George’s motorbike is parked in the shade of a tree in Kindu, a district in the eastern Democratic Republic of Congo (DRC) that spans a stretch of the mighty Congo River. As the diocesan health and development coordinator for the Diocese of Kindu – part of the Province of the Anglican Church of Congo – George depends greatly on his trusty bike to get him to remote communities “beyond the end of the road.” In these rural and hard-to-reach areas, people often have limited access to government health services. As a result, malaria, diarrhea and other easily preventable and treatable illnesses risk becoming fatal, particularly in children under age five.
George swings a leg over his motorbike and starts the engine. Today he is traveling with a group of NetsforLife® Malaria Control Agents (MCAs) to an awareness-raising event at a church in Alunguli, just across the Congo River from Kindu Town. Kindu is the capital of Maniema Province, which is roughly the size of Oregon and is divided into 18 health zones. The DRC’s National Malaria Control Program (PNLP in French) oversees the program as a whole and coordinates with implementing partners such as NetsforLife® and UNICEF. UNICEF is distributing nets using the standard fixed-point method in nine of the health zones, and the other nine are using the NetsforLife® method.
NetsforLife® is Episcopal Relief & Development’s award-winning, flagship malaria prevention program. In addition to distributing millions of mosquito nets to prevent the bites that cause this deadly disease, the program aims to create a “net culture” so that people are aware of the life-saving value of nets and repair or replace them on their own. The long-term impact of malaria prevention knowledge will help to sustain the gains made so far in reducing deaths and illness: in the last decade, the number of lives lost every year has fallen from 1 million to 627,000, but it will take the combined efforts of governments, corporations, communities and faith-based organizations such as Episcopal Relief & Development to finally eradicate the disease.
George leads a coordination committee of five Anglican staff and four United Methodist Committee on Relief (UMCOR) staff to manage house-to-house net distribution and follow-up in the areas where NetsforLife® is active. Each of the committee members is responsible for one health zone, and George’s health zone, Salamabila, is a bumpy 220 miles south of Kindu. But to get to Alunguli, George just loads his bike into a wooden canoe and sets off with the local MCAs.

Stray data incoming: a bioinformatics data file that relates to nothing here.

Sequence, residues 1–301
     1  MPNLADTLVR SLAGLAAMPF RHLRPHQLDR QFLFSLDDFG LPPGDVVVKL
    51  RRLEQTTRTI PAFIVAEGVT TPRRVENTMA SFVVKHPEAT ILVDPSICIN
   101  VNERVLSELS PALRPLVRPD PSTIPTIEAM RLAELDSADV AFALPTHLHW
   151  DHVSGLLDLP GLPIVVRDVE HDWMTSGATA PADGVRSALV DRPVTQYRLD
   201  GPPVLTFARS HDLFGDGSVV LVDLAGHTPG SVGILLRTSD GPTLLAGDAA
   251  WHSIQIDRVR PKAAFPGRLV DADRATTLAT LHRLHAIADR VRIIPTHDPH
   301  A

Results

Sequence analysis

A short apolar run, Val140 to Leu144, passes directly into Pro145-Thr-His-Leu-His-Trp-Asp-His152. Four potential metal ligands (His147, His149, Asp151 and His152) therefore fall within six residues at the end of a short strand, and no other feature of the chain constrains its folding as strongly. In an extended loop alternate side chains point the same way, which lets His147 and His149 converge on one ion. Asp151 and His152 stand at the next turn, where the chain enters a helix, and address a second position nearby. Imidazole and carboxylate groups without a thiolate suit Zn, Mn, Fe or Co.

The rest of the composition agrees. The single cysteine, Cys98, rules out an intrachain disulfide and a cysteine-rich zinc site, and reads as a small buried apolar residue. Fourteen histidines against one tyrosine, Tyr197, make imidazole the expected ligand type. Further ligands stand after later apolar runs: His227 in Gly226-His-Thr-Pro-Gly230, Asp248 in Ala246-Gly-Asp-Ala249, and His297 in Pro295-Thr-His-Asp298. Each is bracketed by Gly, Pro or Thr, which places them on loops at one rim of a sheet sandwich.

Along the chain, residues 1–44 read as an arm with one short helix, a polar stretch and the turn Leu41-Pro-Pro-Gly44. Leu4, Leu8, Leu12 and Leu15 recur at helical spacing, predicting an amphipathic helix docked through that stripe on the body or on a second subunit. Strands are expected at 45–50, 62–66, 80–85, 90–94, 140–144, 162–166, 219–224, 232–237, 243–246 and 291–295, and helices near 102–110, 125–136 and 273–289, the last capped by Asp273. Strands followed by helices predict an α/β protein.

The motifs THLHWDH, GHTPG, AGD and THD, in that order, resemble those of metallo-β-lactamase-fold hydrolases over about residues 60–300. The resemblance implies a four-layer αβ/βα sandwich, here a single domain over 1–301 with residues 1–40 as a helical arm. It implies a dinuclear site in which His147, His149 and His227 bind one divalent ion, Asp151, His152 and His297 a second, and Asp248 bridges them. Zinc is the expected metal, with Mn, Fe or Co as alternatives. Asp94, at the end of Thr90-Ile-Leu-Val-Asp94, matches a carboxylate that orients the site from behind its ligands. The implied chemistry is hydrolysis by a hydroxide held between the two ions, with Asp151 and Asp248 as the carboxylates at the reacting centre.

As the health coordinator for Kindu, George manages all of the field-based staff and liaises with partners and the government around malaria prevention on the provincial level. The overall goal for Maniema Province is to distribute 1.2 million nets through 6,000 trained volunteers, but in order to get the excellent results the program is known for, there is a lot of community education and engagement to do beforehand!
In Alunguli, George and the local MCAs talk with community members gathered at the local church about the causes of malaria and how nets save lives. The MCAs have been doing a huge amount of groundwork in addition to this event, training and working with health zone officials, religious leaders and other community representatives to spread the word about NetsforLife® and the benefits of the direct-hang strategy. They gathered community feedback about having more female MCAs so women would feel comfortable welcoming the team into their homes to hang nets over sleeping areas. They also created a series of entertaining educational radio spots to encourage people to become more open to the program and allow MCAs access to their homes and bedrooms. In a way, the net distribution is really just the tip of the iceberg – beneath the surface there is a huge amount of community support, investment and education in prevention that will help Alunguli stay on track toward eliminating malaria and building a healthier future.